A CARDINAL – RADIANT IN THE WOODS WITH SNOW ON THE WAY – Marilyn Armstrong

FOWC with Fandango — Radiant

I looked out upon my deck … and it was interesting. Not one, but two squirrels, each hanging in one of the feeders with a Cardinal in the woods, presumably waiting for those big four-footed fluffies to let go of the feeders. Once the squirrels dig in, they stay dug until they are finished.

So I took as many pictures as I could of the rather distant Cardinal, another of the Cardinal and a squirrel, and the remaining shots all about the two squirrels.

For the purpose of radiant, I don’t think you’ll get any better than this Cardinal on a small branch in the woods.

Cardinal in the woods

Another Cardinal back in the woods

DON’T YOU HATE WHEN THAT HAPPENS? – Marilyn Armstrong

FOWC with Fandango — Rebuke

On a day with little to be done, I got up to discover that during the night, some dog (I’m looking at YOU Bonnie!) peed all around the legs of the dining room table. I would put the gate up to keep the dogs out, but I already know that the Duke just knocks the gates down and if that doesn’t work, he jumps them. But these plastic baby gates that have worked for many dogs over many years and are useless now. The Duke has discovered they are lightweight and easily pushed down.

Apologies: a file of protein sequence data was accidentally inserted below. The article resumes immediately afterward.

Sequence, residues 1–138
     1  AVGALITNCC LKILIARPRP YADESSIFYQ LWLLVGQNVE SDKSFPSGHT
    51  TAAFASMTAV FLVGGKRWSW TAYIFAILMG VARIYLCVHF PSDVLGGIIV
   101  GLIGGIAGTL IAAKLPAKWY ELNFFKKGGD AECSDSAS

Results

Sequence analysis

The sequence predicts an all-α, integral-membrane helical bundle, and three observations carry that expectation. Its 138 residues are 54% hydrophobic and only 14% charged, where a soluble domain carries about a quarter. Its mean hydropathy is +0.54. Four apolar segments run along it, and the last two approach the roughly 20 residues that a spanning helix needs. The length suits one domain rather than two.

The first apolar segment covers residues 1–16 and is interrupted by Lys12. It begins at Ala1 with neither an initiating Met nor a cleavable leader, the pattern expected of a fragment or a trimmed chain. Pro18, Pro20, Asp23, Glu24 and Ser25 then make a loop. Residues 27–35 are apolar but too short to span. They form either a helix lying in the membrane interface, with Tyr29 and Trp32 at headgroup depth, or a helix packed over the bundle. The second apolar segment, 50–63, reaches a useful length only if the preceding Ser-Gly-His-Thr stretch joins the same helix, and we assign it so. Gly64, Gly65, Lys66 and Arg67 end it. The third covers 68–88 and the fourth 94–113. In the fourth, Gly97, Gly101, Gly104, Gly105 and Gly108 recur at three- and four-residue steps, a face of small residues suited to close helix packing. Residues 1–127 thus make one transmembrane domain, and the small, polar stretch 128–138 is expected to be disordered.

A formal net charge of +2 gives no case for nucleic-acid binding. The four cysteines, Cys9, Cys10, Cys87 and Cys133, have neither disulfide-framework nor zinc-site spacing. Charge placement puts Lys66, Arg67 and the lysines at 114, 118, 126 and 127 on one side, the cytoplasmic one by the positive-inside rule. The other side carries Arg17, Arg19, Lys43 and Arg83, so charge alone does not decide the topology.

Any of our dogs could have pushed them over but none of them did. Just The Duke. He’s special.

A glass-fronted desk full of memories

He’s a thief but otherwise, a clean boy. Bonnie, on the other hand, doesn’t like going outside unless someone forces the issue … and even Gibbs occasionally feels a masculine need to lift a leg. Despite all that, this is the first time any dog has done anything in the dining room.

Dining table with French doors

This made me very cranky. I was looking forward to several hours of lurking over the computer, sipping coffee, and contemplating the nothingness of modern life, brooding on politics, and generally readying myself for a day of nothing in particular. Instead, I had to clean the dining room which is difficult to clean because it’s crowded with stuff. Mostly, it’s crowded with a huge table and a non-working organ. The table is used to keep my cameras ready for the shooting birds.

As a matter of fact, the reason I was in the dining room at all was that there was a nice, fat Cardinal waiting to drop by for a feed and instead, I was mopping the floor and realizing that there were cobwebs on absolutely EVERYTHING — and several of the oak chairs were splitting along seam lines and needed to be glued and clamped.

When this stuff happens, I always feel like life is simply falling apart around me. It isn’t really. The dining room rarely is used for its original purpose. Maybe twice a year we have a sit-down dinner. The room is largely pretty clean, except for dust. But it had been a while since it was cleaned and the dust had done a good deal of gathering.

Meanwhile, at least two chairs were splitting for no reason except, I assume, the glue gave out. I bought those oak chairs about 32 years ago before we were married. It really doesn’t seem that long ago. I was getting my first place and was working in a furniture store. Instead of a percentage of what I sold, I got furniture. Oak. All oak, mostly made by the Amish and until now, it has lasted. Somehow, I thought it would last forever.

Nothing lasts forever.